Fatal fires prompt urgent message from state officials - WAFB 9 News Baton Rouge, Louisiana News, Weather, Sports

Fatal fires prompt urgent message from state officials

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MONTGOMERY, AL (WSFA) -

37 fatal fires in Alabama in three months. State officials say the number is alarming, but there's very little they can do.

Instead, they need you to help keep that statistic from growing.

Fire officials say carelessness is often to blame.

"Bad choices that we make in our daily lives that result in these fire fatalities," says State Fire Marshal, Ed Paulk.

Paulk says improper space heater use, overcrowded electrical outlets and unattended food on the stove are the catalysts for most house fires.

"It's just those decisions that we make on a daily basis that we become accustomed to taking shortcuts and doing things and getting away with it and then something happens and we don't get away with it," adds Paulk.

Officials believe unexpected, cool temperatures could be contributing to the influx of space heater usage.

They say using them could be more costly than simply changing the thermostat.

"A lot of times people place them too close to a combustible item and over a period of time they get so hot and then causing a fire," says Captain Mark Williams with the Montgomery Fire Department.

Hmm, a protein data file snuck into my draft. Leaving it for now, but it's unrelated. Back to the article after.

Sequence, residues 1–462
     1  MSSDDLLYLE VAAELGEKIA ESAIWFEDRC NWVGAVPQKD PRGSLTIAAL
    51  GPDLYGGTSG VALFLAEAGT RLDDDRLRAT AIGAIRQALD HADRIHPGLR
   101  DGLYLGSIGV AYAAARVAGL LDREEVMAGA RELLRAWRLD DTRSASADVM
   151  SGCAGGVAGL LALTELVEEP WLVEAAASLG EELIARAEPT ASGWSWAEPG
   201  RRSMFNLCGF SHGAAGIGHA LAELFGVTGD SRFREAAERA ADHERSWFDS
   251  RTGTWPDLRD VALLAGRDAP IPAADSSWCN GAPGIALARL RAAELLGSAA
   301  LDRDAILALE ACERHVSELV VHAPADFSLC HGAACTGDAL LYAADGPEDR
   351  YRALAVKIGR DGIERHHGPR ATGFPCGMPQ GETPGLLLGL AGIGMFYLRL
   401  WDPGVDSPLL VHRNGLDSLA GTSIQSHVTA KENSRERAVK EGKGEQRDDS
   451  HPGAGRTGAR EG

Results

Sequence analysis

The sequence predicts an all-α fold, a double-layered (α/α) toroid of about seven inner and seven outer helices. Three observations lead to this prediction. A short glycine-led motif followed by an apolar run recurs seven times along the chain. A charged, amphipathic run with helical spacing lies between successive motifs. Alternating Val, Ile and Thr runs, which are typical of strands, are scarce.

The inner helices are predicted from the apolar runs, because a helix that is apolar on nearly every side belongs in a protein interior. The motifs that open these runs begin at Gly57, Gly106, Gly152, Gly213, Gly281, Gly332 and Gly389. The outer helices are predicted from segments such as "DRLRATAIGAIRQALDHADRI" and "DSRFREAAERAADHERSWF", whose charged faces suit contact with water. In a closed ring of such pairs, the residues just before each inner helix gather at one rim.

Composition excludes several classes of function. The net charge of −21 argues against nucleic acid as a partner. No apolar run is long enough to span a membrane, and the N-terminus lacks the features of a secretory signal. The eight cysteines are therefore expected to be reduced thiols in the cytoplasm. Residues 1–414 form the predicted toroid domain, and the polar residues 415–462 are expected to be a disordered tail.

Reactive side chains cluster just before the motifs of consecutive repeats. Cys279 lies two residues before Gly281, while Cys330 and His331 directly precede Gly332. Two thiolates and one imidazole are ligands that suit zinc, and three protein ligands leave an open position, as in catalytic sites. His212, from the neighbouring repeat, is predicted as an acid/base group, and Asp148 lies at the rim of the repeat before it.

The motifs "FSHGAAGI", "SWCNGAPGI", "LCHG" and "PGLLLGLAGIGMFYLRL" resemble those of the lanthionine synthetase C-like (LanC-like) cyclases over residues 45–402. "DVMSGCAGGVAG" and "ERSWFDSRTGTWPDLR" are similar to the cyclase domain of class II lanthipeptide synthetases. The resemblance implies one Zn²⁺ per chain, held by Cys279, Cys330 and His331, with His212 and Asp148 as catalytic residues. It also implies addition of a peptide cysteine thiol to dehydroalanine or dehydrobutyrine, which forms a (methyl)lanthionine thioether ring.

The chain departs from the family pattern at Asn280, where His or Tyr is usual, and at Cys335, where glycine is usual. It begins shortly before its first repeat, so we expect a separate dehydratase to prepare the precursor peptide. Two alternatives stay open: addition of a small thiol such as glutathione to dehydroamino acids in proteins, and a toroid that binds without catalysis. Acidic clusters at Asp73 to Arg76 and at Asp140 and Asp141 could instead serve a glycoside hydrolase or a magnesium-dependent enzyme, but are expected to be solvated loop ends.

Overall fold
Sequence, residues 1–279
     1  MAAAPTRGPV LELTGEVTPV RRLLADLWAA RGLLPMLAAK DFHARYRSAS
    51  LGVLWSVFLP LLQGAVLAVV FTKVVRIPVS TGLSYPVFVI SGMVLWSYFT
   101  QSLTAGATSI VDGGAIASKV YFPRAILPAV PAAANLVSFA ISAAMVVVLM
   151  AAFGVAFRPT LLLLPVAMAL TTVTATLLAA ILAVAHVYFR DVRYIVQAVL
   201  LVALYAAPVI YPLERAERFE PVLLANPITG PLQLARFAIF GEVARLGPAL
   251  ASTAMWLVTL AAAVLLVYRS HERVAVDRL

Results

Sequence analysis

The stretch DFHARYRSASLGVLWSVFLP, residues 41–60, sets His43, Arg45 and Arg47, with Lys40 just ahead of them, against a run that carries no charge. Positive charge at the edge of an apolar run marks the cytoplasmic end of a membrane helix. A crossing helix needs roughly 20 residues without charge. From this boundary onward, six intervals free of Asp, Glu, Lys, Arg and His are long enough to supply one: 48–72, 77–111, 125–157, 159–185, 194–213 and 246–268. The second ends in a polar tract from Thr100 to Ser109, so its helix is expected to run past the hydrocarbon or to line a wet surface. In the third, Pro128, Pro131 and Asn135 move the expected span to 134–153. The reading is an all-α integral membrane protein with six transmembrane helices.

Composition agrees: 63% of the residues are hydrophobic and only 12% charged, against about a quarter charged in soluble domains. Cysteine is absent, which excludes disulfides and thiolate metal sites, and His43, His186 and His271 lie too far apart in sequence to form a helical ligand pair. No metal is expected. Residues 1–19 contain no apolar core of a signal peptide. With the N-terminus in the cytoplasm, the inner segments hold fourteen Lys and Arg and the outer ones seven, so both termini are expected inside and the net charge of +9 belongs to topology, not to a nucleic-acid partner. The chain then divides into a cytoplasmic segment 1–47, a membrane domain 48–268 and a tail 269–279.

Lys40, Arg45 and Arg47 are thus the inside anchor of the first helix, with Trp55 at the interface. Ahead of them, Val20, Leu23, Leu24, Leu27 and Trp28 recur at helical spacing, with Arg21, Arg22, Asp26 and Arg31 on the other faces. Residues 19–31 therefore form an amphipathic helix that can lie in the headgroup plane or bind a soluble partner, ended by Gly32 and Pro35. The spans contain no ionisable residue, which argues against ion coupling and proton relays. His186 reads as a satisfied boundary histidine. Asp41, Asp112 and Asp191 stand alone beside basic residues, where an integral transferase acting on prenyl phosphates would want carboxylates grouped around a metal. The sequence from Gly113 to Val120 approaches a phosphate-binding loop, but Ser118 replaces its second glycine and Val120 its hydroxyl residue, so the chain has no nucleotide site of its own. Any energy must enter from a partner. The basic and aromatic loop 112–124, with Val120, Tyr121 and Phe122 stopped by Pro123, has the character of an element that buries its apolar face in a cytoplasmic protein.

Williams has seen his fair share of flames.

One thing most don't realize is "these fires...once they start and you don't have a lot of time," adds Williams.

Williams says homeowners are tempted to make one big mistake--go back inside the house once a fire is raging.

"It's not the fire that generally kills someone. It's the toxic smoke that goes along with it."

Details, that if dismissed could kill you.

"There's nothing in there that makes it worth you losing your life over."

Officials say alcohol has been a main factor with these fires, too.

Because hunger typically sets in after someone has been drinking, Paulk says people naturally begin cooking.

The hazard?  They fall asleep with food on the stove.

And often times never wake up.

State fire officials say 2012 saw 78 total fire fatalities.

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